About a month ago, I reviewed Escape Tales: Children of Wyrmwoods, which is the most recent title in Board & Dice’s “Escape Tales” series. After a bit of a battle trying to carve out the time to tackle another one of these puzzle-filled, narrative beasts, I was finally ready to play through the title that came out before Children of Wyrmwoods, “Escape Tales: Low Memory.”
Where Wyrmwoods had a somewhat fantasy feel to it, Low Memory is science fiction. The story feels like something out of the show Black Mirror, where bad stuff is happening and advanced technology is at its root. Without going into spoiler territory, Low Memory takes place in the year 2060. It is played over three chapters, each taking place from the viewpoint of a different character and each supposedly taking about three hours to complete.
When you start the game, you scan the QR code on the instruction manual, and it pulls up the web-based app for the game. You’ll then grab the Chapter One storybook and read the introduction to the chapter. It will instruct you to grab a location card or two, as well as some action tokens that you’ll place when exploring each location. Each area you can explore corresponds to an entry in the storybook telling you what you see. It may say to draw a numbered card, which can have a puzzle or an item on it. When you find a puzzle, you’ll enter its two-character code into the app. From there, it can tell you if you need more puzzle cards to solve it, it can give you hints up to the answer if you get stuck, and it has an area to enter the answer to the puzzle. You will continue doing this through the whole game, collecting items and unlocking new parts of the story through puzzle-solving.
As this is an earlier entry in the series than Wyrmwoods was, there are a few things this entry doesn’t have that Wyrmwoods did. Low Memory doesn’t have a card that acts as a character sheet, with attributes that improve or decline as the game goes on. Nor does it have the option to combine items in the app. Other than those two differences, Low Memory plays very much the same as Wyrmwoods did.
Even though I’m more a fan of fantasy than science fiction, I enjoyed the story arc and the puzzles more through the first two chapters of Low Memory than I did in Wyrmwoods. There were the occasional oddly worded sentences here and there, but nothing severe enough to disrupt my enjoyment of the game.
Then came Chapter Three. I’m not sure exactly what happened here. There was a quick tone change in the type of character and situation we found ourselves in. That may have been okay, but things stopped making sense in terms of our progression. I kept thinking maybe we missed some vital sentence telling us to do something specific, but I couldn’t figure out when that could have happened. We found ourselves stuck with not having everything we needed to complete a couple of puzzles to move forward and no real way to go back. We eventually just cheated so we could see how the story progressed. It had us exploring rooms that there’s no reason we would have gotten to yet. Again, this could have been our mistake, but I couldn’t figure out how.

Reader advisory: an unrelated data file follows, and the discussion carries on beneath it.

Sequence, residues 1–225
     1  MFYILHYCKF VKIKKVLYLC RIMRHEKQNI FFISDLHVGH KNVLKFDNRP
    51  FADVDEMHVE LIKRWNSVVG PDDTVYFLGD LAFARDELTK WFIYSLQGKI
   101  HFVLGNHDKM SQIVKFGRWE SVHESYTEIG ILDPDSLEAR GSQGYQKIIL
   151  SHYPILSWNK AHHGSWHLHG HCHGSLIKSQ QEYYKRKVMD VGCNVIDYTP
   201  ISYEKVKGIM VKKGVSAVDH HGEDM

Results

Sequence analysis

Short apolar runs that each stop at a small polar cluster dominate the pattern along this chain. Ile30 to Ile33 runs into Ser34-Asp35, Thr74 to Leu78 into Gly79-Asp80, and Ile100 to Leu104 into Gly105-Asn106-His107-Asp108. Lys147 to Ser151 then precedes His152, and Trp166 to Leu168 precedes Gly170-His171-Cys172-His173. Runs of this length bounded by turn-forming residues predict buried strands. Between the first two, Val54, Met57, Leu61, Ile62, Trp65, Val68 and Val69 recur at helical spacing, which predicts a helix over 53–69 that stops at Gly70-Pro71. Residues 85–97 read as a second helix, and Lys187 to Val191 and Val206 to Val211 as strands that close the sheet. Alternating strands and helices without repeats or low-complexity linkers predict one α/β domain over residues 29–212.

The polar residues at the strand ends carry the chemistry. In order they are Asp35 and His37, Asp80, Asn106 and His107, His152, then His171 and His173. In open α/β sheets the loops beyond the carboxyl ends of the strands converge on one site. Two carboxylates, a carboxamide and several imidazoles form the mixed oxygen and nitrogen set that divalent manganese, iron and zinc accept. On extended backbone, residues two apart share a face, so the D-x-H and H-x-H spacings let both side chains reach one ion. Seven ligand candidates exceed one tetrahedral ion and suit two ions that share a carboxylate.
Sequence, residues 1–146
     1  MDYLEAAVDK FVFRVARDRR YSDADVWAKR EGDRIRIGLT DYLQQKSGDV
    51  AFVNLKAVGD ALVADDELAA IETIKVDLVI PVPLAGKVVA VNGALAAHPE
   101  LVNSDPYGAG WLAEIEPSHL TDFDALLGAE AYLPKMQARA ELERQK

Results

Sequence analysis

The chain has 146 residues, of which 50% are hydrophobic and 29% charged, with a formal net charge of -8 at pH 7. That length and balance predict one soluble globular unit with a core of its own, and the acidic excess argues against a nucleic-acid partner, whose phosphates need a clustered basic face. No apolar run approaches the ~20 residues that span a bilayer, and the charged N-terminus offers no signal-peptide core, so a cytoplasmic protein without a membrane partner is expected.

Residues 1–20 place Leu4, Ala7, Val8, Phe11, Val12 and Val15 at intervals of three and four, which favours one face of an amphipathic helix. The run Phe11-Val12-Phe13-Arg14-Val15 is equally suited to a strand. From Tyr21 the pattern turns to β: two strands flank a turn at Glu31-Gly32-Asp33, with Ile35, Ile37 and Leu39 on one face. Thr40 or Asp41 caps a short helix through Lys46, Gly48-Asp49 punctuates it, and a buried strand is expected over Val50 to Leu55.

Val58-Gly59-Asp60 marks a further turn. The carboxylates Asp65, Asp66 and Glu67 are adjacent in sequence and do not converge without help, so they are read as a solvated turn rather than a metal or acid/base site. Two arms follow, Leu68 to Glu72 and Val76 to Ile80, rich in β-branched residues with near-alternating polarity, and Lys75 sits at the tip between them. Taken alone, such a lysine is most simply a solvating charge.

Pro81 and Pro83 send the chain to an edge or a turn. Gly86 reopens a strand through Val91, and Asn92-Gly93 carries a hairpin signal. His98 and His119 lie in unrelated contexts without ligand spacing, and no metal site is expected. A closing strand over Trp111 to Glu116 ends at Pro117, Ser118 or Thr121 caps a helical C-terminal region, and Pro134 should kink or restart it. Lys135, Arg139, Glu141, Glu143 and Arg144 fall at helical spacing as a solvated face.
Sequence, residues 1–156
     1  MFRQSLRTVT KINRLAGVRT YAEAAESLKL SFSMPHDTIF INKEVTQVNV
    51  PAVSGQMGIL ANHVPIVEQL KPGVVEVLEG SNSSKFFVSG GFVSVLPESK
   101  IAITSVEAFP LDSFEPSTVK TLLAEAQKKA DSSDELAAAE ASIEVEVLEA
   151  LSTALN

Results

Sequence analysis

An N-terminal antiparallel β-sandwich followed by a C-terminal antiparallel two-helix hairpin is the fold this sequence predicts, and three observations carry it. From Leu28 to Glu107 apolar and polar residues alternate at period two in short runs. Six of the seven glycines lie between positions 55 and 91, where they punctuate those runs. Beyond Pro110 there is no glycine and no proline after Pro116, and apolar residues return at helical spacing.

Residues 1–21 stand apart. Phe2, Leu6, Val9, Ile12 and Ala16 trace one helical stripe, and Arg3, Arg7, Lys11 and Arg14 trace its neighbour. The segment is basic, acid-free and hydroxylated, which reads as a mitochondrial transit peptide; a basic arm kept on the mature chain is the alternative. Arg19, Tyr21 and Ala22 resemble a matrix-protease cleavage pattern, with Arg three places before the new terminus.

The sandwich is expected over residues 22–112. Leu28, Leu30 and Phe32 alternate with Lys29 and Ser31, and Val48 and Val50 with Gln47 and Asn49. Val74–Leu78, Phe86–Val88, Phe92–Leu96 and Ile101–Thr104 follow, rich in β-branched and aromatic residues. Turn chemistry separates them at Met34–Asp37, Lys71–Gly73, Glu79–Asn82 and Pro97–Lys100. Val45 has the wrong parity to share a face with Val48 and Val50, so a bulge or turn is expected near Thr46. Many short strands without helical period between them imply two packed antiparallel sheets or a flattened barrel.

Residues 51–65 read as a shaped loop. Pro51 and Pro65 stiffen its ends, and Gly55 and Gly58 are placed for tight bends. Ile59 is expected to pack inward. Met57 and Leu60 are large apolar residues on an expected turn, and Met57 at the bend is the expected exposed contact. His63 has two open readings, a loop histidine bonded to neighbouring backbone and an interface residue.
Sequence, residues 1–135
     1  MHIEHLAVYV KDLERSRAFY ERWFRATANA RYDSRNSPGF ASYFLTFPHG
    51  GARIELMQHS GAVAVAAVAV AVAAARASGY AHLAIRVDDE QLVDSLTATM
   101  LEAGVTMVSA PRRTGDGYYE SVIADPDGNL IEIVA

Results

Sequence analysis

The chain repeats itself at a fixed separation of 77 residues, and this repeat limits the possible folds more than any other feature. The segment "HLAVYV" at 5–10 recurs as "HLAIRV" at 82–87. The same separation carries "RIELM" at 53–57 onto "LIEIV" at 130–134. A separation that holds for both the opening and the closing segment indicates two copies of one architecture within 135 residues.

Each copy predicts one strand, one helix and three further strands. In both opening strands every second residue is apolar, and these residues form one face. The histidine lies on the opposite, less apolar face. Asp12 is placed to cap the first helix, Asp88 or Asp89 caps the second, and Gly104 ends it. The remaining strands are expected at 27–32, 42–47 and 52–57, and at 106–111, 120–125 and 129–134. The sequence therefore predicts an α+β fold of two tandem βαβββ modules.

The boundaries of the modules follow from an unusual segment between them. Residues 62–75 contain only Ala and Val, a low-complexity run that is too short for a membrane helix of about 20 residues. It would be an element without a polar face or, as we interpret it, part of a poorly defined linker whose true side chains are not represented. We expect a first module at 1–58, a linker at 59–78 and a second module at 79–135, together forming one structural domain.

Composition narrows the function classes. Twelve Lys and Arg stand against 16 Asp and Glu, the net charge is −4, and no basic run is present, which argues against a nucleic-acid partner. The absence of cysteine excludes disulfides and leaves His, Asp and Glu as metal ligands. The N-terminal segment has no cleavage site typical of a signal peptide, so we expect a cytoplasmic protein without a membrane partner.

There are multiple endings in this game, and our game ended oddly. I don’t mean plot-wise, but rather in how the ending was reached. Because of the issues we had with the third chapter, we were honestly too frustrated to feel very invested, and then it seemed an unsatisfying end to our adventure anyway. It’s worth noting that there are multiple endings to the story, though, and it’s possible others feel more satisfying.
After Wyrmwoods, I had high hopes for Low Memory, and for two-thirds of the game, it exceeded those expectations only to lose me in the end. Again, it’s possible that we did make a mistake somewhere along the way but even had we not had those issues, the story just ceased being as interesting at the end. If I had to recommend only one of the two in this series I’ve played, I would wish it could be Low Memory, but it would have to be Children of Wyrmwoods.
- 3 stories, one plot: Become three different characters and experience the main plot from three different perspectives, to make the right call at the end of the game.
- Each story changes the gameplay: Switching characters not only brings a new and different perspective but also changes the way locations are explored.
- An engaging story with multiple endings: The story in this game will twist your emotions, evaluate your moral compass, and keep you engaged until the very end. Every choice has a different impact on the story: puzzles you solve, the paths you take, decisions you make, all of these will shape your story differently and will have an impact on the ending.
- 1-4 Players
- Ages 16+
I’m a lover of all kinds of games, whether they be board, video, miniatures, or card games. I want to share my thoughts on all games new and old.